The longest weather-related shutdown of U.S. stock trading since 1888 ended Oct. 31 without incident, while underscoring how vulnerable the world’s biggest financial market remains to disasters.
Duncan Niederauer, the chief executive officer of NYSE Euronext, said trading went smoothly as American equity markets came back to life after a 48-hour hiatus forced by Hurricane Sandy. Trading was suspended three days earlier when concerns about human safety and how well the New York Stock Exchange’s backup plan would work convinced executives that moving ahead was too risky.
The Securities and Exchange Commission may consider whether exchanges’ emergency regimens need to be bolstered, according to a person familiar with the regulator’s thinking who asked not to be named because the matter is private. The industry’s decision to halt equities and bond trading shows the challenge of maintaining markets when a catastrophe threatens New York City, home to 168,700 securities industry workers.
“One of the purposes of having electronic exchanges and basing them away from New York City is for the market to be more robust and stay open,” Charles Jones, a finance professor at Columbia Business School in New York, said in a phone interview. “This is what the back-up plans were designed for. But the markets didn’t open.”
The SEC will also assess whether lessons from this week’s events should lead to new requirements as the agency works to convert guidelines adopted 20 years ago to ensure the stability of exchange technology and systems into a rule, the person said.
“Deciding in advance to close the market when there’s a great likelihood things will be bad is a good decision,” former SEC Chairman David Ruder said in a phone interview. “Later on, regulators will probably ask, ‘Are the back-up facilities sufficiently strong to handle unexpected events?’ It will be a laborious and time-consuming process.”
The 1993 bombing of the World Trade Center prompted the securities and banking industry to begin an examination of whether financial markets could withstand a terrorist attack or other catastrophe, Robert Greifeld, CEO of Nasdaq OMX Group Inc., said in an Oct. 31 interview on Bloomberg Television’s “Street Smart” with Dominic Chu. The effort expanded after Sept. 11, 2001. While the decision to shut markets to protect employees this week was right, it showed that too much infrastructure may be concentrated in New York, he said.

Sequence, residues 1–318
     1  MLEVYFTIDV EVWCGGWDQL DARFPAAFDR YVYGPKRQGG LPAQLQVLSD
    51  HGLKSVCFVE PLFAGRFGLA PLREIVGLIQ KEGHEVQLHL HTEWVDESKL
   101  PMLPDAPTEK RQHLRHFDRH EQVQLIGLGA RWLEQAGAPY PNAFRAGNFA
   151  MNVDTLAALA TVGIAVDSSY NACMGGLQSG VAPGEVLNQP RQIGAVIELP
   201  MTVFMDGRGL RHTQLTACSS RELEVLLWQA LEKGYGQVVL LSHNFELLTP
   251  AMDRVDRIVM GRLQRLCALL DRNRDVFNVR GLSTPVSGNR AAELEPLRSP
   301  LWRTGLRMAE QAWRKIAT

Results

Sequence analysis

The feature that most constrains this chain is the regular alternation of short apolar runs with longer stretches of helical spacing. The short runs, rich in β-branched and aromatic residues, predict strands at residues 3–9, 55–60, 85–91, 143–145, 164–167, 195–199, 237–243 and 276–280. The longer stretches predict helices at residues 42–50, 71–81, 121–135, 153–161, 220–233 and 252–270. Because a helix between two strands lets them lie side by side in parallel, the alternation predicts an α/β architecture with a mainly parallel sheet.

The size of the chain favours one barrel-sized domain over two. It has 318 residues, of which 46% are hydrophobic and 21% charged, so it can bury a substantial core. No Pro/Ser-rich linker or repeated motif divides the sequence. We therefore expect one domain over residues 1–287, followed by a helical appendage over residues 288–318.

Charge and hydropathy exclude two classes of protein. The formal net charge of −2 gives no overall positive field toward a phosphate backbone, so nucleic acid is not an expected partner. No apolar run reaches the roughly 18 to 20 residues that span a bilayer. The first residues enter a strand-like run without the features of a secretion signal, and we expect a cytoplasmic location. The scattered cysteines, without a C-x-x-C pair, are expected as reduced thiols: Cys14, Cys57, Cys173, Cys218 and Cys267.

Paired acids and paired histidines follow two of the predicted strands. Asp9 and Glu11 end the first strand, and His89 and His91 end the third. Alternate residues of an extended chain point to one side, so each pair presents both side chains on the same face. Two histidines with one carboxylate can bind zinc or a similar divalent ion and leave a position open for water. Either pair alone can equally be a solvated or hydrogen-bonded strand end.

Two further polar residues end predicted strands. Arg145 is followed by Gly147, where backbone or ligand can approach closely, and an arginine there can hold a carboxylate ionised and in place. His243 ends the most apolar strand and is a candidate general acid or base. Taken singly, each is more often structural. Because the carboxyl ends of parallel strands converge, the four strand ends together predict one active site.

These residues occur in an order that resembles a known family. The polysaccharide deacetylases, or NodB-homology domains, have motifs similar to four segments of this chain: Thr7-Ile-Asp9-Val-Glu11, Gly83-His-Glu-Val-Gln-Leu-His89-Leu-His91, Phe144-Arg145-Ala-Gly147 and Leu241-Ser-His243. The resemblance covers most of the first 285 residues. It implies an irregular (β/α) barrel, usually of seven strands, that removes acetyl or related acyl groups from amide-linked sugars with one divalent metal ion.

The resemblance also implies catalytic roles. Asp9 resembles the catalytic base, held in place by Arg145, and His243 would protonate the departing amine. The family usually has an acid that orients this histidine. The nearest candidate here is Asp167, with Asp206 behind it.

“We cannot be locked into this geography,” he said. “The key point is to be ready no matter what happens, whether it’s a hurricane, tornado, terrorist attack. It’s our job to make sure the markets are ready to function.”
Brokers began preparing for Sandy last week, instituting contingency plans and moving staff in case communications networks failed and the bridges and tunnels into New York City were closed. Discussions between primary dealers in the bond market, officials at the U.S. Treasury Department and New York Federal Reserve, and executives at the Securities Industry and Financial Markets Association took place over the weekend before an auction of Treasury bills scheduled for Oct. 29, according to a person with direct knowledge of the matter.
While banks and dealers were prepared to handle the sale and expected broad participation, plans for another auction the next morning were moved up a day because of the weather. Just before 7 p.m. on Oct. 28, Sifma, a trade group for banks, brokers and asset managers, recommended that bond markets close at noon the next day.
Stock exchanges and brokers built or augmented back-up plans to operate during a disaster over the last decade. NYSE Euronext (NYX) proposed an arrangement in 2009 that involves shutting down the trading floor in its headquarters at 11 Wall Street in New York and carrying out Big Board trading over NYSE Arca, the all-electronic market it acquired in 2006, the year the company had its initial public offering.
Shortly after 4 p.m. on Sunday, Oct. 28, as Sandy sped toward the American Northeast with winds of 75 miles per hour, prompting a mandatory evacuation of parts of New York, executives of NYSE Euronext said they would put that plan into action for the first time. The New York Mercantile Exchange, which trades natural gas and crude oil futures, had already said it was shutting its trading floor in lower Manhattan.
Executives took the step out of an “abundance of caution” for the lives of employees, market makers and traders at the Big Board, and clients, Larry Leibowitz, chief operating officer at NYSE Euronext, said in a phone interview at about 5 p.m. on Oct. 28. He cited reservations about opening during what might be a “100-year storm,” saying that only time would tell if it was the best decision for securities firms and the capital markets.
The role of the NYSE floor in American equity markets has diminished since September 2001 as the exchange ceded market share to competitors. While 83 percent of trading in NYSE companies occurred on the Big Board then, only about 21 does now following the growth of Nasdaq OMX and rise of new electronic rivals run by Direct Edge Holdings LLC in Jersey City, New Jersey, and Lenexa, Kansas-based Bats Global Markets Inc.
Still, the prices generated by the main exchanges that bring corporations public remains vital for calculations used by many mutual funds and vendors that sell market data.